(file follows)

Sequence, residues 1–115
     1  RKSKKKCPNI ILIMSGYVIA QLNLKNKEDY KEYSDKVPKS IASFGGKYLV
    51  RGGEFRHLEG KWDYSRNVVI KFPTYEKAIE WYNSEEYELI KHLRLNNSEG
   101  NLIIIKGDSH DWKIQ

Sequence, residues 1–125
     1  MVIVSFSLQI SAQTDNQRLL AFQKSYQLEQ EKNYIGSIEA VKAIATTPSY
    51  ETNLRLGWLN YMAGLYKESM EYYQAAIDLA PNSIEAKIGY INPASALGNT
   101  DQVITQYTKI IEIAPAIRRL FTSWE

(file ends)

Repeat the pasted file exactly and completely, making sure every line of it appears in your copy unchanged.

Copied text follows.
Sequence, residues 1–115
     1  RKSKKKCPNI ILIMSGYVIA QLNLKNKEDY KEYSDKVPKS IASFGGKYLV
    51  RGGEFRHLEG KWDYSRNVVI KFPTYEKAIE WYNSEEYELI KHLRLNNSEG
   101  NLIIIKGDSH DWKIQ

Sequence, residues 1–125
     1  MVIVSFSLQI SAQTDNQRLL AFQKSYQLEQ EKNYIGSIEA VKAIATTPSY
    51  ETNLRLGWLN YMAGLYKESM EYYQAAIDLA PNSIEAKIGY INPASALGNT
   101  DQVITQYTKI IEIAPAIRRL FTSWE